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MRS. FRANCES E. GUY v. HARRY J. LIEDERBACH (08/01/80)

SUPERIOR COURT OF PENNSYLVANIA


filed: August 1, 1980.

MRS. FRANCES E. GUY
v.
HARRY J. LIEDERBACH, WILLIAM E. EIMER, EDWARD D. FOY, JR., AND LIEDERBACH, EIMER & FOY, ATTORNEYS-AT-LAW. APPEAL OF FARREL J. THOMAS, EXECUTOR OF THE ESTATE OF FRANCES E. GUY, DECEASED

No. 2942 October Term, 1978, Appeal from the Order of the Court of Common Pleas of Bucks County, Civil Action Law, No. 76 0688 06-1.

COUNSEL

Galen D. Hawk, Philadelphia, for appellant.

David Freeman, Philadelphia, for appellees.

Price, Cavanaugh and Watkins, JJ. Watkins, J., dissents.

Author: Price

[ 279 Pa. Super. Page 545]

This appeal from the order of the trial court sustaining appellees' preliminary objections raises the novel question in Pennsylvania whether a devisee may maintain a cause of action for legal malpractice against counsel for the testator when the devise fails due to improprieties in the execution of the will. We hold that such an action may be maintained and accordingly, we reverse the order of the court of common pleas.

The pertinent facts are as follows. Appellant's decedent (hereinafter plaintiff) filed a complaint in trespass and in assumpsit on January 23, 1976, alleging that on February 24, 1957, she attested the will of Edward J. Kent, Jr., which was prepared by appellee Harry J. Liederbach, counsel for Mr. Kent. The will directed that she receive the residue of the estate, after payment of a $4,500 bequest, and it nominated her to be the executrix. At the time of the execution of the will and at his death, the testator owned a parcel of real estate in Avalon, New Jersey. In 1974, a probate court in Camden County, New Jersey, citing a New Jersey statute,*fn1

[ 279 Pa. Super. Page 546]

    ruled that plaintiff was barred from taking under the will because she was an attesting witness. Her complaint alleged that the demise of the devise was caused by the negligence of appellee Liederbach in "directing" and "advising" her to be an attesting witness to the will while knowing that the testator was seized of real property in New Jersey, and she sought damages from appellees in an amount in excess of $10,000.

Appellees filed preliminary objections in the nature of a demurrer and alleged that the suit could not be maintained because: (1) no privity existed between plaintiff and appellees; and (2) the decision of the New Jersey court constituted collateral estoppel. The court of common pleas, in sustaining appellees' preliminary objections and dismissing the complaint, concluded that the suit was precluded due to a lack of an attorney-client relationship between plaintiff and appellees.

On appeal, appellant urges this court to adopt "the modern trend of recent decisions disposing of the instant question" and hold that an injured party may maintain a cause of action against an attorney regardless of the existence of privity of contract. We agree with appellant and conclude that the better view is to allow the maintenance of such a suit in accordance with the principles set forth herein.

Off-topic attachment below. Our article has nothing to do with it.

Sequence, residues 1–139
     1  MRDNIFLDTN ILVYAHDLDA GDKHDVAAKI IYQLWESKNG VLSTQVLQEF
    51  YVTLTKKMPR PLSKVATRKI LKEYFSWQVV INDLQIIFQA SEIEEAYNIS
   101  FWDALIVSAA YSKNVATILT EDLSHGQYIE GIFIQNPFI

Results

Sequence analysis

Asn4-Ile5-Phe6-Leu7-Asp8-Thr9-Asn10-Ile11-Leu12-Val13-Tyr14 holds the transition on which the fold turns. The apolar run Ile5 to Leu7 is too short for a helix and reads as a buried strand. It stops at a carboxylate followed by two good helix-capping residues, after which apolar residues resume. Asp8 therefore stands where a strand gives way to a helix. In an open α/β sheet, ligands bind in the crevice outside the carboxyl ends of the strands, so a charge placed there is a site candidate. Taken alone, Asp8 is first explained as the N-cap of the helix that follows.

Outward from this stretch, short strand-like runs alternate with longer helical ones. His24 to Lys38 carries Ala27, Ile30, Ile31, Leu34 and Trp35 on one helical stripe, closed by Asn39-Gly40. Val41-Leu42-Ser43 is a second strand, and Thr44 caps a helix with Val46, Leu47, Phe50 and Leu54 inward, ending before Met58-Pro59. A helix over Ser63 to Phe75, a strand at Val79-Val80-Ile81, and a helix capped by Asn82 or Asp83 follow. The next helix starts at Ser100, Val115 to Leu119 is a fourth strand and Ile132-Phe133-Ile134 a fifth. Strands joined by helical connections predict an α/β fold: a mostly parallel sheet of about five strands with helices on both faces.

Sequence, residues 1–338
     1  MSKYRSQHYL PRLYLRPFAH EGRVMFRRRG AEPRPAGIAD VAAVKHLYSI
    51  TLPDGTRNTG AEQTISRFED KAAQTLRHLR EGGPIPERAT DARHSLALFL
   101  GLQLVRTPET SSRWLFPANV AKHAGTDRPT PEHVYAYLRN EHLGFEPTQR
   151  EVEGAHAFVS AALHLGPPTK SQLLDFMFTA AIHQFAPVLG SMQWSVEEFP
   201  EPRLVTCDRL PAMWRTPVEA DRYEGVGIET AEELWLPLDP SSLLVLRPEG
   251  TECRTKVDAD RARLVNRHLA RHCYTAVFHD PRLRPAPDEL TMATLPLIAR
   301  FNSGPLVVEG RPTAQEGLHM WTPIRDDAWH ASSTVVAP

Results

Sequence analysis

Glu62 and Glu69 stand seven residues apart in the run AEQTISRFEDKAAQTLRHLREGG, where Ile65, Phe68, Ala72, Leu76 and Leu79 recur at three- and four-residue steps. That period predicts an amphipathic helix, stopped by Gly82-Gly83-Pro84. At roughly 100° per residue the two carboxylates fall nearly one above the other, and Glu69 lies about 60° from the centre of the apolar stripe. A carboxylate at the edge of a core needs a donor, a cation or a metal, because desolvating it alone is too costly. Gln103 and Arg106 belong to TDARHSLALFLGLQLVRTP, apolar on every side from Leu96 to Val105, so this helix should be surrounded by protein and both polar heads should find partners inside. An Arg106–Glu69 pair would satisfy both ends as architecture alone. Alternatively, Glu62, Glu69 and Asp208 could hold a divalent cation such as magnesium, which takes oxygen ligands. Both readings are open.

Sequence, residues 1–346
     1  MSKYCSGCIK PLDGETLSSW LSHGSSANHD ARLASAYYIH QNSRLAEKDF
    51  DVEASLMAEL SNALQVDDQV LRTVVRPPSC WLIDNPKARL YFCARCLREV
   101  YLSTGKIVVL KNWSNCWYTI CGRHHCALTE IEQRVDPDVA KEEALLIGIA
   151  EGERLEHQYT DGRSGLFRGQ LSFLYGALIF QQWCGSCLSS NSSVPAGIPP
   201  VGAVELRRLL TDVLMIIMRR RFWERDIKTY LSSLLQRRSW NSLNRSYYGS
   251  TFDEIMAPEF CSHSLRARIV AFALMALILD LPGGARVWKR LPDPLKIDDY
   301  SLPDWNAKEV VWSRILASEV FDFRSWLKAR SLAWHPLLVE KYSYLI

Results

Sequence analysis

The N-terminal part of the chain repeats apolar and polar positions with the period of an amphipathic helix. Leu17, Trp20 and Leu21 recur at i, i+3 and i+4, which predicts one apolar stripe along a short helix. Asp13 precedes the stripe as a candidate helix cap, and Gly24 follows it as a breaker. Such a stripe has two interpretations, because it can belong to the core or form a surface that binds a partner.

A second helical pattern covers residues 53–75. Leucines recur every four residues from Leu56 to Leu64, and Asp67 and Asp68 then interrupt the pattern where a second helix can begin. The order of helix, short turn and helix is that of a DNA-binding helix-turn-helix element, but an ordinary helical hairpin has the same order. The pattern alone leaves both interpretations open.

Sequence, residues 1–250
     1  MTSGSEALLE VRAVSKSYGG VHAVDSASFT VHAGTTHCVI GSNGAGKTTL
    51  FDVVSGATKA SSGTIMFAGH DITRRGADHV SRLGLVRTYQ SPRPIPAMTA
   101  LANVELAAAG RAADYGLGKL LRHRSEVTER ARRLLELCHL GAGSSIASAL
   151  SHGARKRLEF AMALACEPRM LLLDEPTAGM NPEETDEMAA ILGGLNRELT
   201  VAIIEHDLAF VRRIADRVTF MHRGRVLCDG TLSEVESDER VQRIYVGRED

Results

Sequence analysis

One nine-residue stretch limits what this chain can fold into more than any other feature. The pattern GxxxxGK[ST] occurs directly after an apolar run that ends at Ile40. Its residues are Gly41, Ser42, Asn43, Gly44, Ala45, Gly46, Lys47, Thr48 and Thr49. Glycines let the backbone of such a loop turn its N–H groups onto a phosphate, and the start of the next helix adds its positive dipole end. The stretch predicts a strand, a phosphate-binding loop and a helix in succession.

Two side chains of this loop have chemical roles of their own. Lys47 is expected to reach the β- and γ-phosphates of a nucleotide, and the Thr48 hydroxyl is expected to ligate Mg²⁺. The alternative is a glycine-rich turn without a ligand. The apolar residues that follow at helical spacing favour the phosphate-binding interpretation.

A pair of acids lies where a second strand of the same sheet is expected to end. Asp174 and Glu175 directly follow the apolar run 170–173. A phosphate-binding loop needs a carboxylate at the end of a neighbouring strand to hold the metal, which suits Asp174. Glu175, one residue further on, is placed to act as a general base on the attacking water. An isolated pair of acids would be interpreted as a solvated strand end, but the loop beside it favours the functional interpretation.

Initially, we note that when considering preliminary objections in the nature of a demurrer, we accept as true all

[ 279 Pa. Super. Page 547]

    well-pleaded material facts in the complaint as well as all inferences reasonably deducible therefrom. Allstate Insurance Co. v. Fioravanti, 451 Pa. 108, 299 A.2d 585 (1973); Vitteck v. Washington Broadcasting Co., 256 Pa. Super. 427, 389 A.2d 1197 (1978); Barto v. Felix, 250 Pa. Super. 262, 378 A.2d 927 (1977). In this endeavor, we are mindful that preliminary objections should be sustained and a complaint dismissed only in cases which are clear and free from doubt, i. e., it must appear with certainty that, upon the facts averred, the law will not permit recovery by the plaintiff. Allstate Insurance Co. v. Fioravanti, supra; Clevenstein v. Rizzuto, 439 Pa. 397, 266 A.2d 623 (1970); Vitteck v. Washington Broadcasting Co., supra.

[ 279 Pa. Super. Page 548]

Although no appellate court*fn2 in this jurisdiction has ruled on the issue here presented, a number of other jurisdictions have addressed the question whether an attorney may be liable to a third party in an action arising out of his professional duties to his client. In denying liability in such actions to one not in privity of contract, courts have relied principally on two arguments: (1) that to allow such liability would deprive the parties to the contract of control of their own agreement; and (2) that a duty to the general public would impose a huge potential burden of liability on the contracting parties. See Fickett v. Superior Court of Pima County, 27 Ariz.App. 793, 558 P.2d 988 (1976); Brody v. Ruby, Iowa, 267 N.W.2d 902 (1978); Annot., 45 A.L.R.3d 1181 (1972). With respect to the instant case, the specific bases of relief upon which appellant relies have traditionally been unsuccessful: actions based in negligence have failed because in the absence of privity, courts have found that the attorney owed no duty to the injured party, see, e. g., Hakala v. VanSchaick, 171 Misc. 418, 12 N.Y.S.2d 928 (1939); Waugh v. Dibbens, 61 Okl. 221, 160 P. 589 (1916); Currey v. Page 548} Butcher, 37 Or. 380, 61 P. 631 (1900), and actions based on a third party beneficiary theory have failed because courts have found that the contract with the attorney was not expressly for the plaintiff's benefit and the testator only remotely intended the plaintiff to be benefitted as a result of the contract. See, e. g., Buckley v. Gray, 110 Cal. 339, 42 P. 900 (1895). The privity requirement, however, is, for all intents and purposes, uniformly dispensed with in situations in which the attorney's actions are motivated by fraudulent or illegal purposes or entail the commission of an intentional tort. See, e. g., Havens v. Hardesty, Colo.App., 600 P.2d 116 (1979); Friedman v. Dozorc, 83 Mich.App. 429, 268 N.W.2d 673 (1978); McDonald v. Stewart, 289 Minn. 35, 182 N.W.2d 437 (1970); Kasen v. Morrell, 18 Misc.2d 158, 183 N.Y.S.2d 928 (1959); Thomas Fruit Co. v. Levergood, 135 Okl. 105, 274 P. 471 (1929).